“The change to a new budgeting format will touch every area of the University, as our goal is to help units and departments become more flexible, have better clarity and forecast long-term operational needs,” according to Ortiz.

The new budget process is one piece of a complex financial puzzle that also includes identifying cost-savings.

In response to a question about whether there will be budget cuts, Jones said there will be a 1% reduction across-the-board this year in current unit budgets. Ultimately, these efforts are driven by Penn State's longstanding commitment to providing an accessible and affordable education for students and families throughout the Commonwealth, Jones reiterated. 

Audience questions also focused on the progress of the Resources Optimization Initiative (ROI) and when results from that effort would be shared.

Gray said the 11 working groups under the ROI initiative are still in the midst of analyzing the information gathered, and that while progress and regular meetings are proceeding, no specific deadline has been set for implementing recommendations or changes.  

When asked if upcoming budgeting changes, combined with efforts to control costs by the ROI workstreams, would impact jobs, Gray said that difficult decisions will have to be made and, where warranted, there may be adjustments to the workforce.

“We know the question of how this will impact you is on your mind, and it’s on ours too. We will work to minimize the effect on our people, who are our single greatest resource. Our plan is to first look at freezing vacancies and leaving some positions unfilled,” Gray said. “Finding the 1% reduction is up to budget executives. All units should be thoughtful and selective about filling empty positions and look carefully at where dollars are being spent.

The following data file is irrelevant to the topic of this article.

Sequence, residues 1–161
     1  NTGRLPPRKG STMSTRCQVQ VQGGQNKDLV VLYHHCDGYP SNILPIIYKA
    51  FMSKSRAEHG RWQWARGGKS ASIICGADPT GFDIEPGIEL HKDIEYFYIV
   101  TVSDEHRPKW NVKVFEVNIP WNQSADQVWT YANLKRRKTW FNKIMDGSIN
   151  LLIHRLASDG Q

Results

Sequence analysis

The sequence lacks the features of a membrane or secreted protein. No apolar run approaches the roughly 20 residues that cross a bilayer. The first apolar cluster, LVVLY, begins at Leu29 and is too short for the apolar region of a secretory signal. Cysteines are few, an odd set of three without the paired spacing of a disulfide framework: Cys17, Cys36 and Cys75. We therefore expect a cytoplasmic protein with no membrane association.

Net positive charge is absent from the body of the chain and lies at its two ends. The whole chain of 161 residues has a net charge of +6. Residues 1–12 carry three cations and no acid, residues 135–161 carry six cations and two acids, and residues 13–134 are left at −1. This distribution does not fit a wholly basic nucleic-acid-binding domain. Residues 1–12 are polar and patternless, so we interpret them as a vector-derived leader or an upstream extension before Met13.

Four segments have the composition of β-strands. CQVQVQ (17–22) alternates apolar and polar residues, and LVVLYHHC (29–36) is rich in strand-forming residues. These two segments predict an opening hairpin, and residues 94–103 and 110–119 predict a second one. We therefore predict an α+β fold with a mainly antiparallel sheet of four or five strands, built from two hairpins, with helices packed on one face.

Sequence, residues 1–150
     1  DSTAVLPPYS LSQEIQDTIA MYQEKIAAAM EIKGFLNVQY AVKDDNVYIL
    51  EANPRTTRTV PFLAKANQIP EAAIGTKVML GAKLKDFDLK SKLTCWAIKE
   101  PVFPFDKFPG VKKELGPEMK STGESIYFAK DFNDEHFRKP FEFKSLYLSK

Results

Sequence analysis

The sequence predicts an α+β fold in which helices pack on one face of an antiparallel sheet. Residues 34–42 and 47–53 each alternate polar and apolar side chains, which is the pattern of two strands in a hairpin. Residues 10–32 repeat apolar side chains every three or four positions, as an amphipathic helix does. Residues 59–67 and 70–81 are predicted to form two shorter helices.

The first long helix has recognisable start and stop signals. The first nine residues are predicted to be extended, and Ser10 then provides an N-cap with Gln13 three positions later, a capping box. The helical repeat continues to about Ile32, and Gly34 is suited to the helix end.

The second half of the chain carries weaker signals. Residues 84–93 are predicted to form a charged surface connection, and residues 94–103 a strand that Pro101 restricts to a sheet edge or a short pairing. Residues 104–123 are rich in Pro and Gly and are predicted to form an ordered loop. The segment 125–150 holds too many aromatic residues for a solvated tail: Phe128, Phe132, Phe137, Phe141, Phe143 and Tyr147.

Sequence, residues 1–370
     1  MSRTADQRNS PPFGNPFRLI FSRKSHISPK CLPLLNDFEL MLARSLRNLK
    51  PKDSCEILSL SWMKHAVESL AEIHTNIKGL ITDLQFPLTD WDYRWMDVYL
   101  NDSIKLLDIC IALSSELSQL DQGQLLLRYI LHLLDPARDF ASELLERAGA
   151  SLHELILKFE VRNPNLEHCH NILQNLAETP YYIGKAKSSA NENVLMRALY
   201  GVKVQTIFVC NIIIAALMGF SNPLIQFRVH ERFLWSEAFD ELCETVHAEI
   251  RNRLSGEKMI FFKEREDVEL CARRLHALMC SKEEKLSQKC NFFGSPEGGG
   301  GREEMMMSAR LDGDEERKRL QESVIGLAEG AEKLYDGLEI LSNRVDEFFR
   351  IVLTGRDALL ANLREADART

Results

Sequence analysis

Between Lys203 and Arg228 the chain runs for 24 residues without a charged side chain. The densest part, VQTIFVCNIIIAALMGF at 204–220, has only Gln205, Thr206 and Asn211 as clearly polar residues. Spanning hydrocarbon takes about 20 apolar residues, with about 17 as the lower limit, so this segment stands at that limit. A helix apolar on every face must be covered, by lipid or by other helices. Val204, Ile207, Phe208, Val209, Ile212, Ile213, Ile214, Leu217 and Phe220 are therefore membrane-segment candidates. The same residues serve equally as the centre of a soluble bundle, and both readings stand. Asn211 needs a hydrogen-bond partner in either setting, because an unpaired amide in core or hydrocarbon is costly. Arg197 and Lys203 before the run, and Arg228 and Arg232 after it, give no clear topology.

“Our employees are the best experts on their respective roles and have great insight into creative ways to find savings,” he said. “This is an opportunity to engage and contribute even in small ways, to leave no stone unturned. Everything adds up and each employee has an opportunity to play a contributing role.”

Examples for cost savings could include putting a hold on replacement hires; cutting back on meals, conferences and travel expenses; or taking advantage of Penn State’s buying power and economies of scale for purchasing. For example, in the IT space, direct and indirect savings have been made over the past few years by decommissioning and consolidating a multitude of firewalls and data centers, and transitioning to one University-wide email and calendaring system.

“Despite the challenges we face, we have kept tuition rates flat for Pennsylvania undergraduate students in three of the past five years. We know how important that achievement is. Without our students, there is no Penn State,” Jones said.

In addition, Jones also noted that admissions are strong, fundraising is robust, research dollars have grown to a record amount, new state-of-the-art facilities are set to open in the next few years, and the institution continues to receive good financial ratings.

“It’s absolutely essential we make these investments in new technologies, and Penn State is making every effort to make the transition to new systems and technologies as smooth as possible. We understand that any change is disruptive by nature and we are taking measures to communicate about these efforts clearly and often,” Gray said.

More information will be shared in the coming weeks and months, and closer to May and June 2020, training opportunities will be provided for staff and administrators with budgeting and financial roles and for those who will use SIMBA.

“We will work constructively with everyone throughout these changes,” Jones said. “Penn State is in a position of strength. We are transcending challenges and you are all helping to make that happen.”

Since 2015, Town Hall meetings have provided opportunities for members of the Penn State community to receive updates on University initiatives, hear from administrative leaders about key issues, ask questions and provide feedback. Archives of previous Town Halls and other related content are available at LiveEvents.psu.edu.

Last Updated October 16, 2019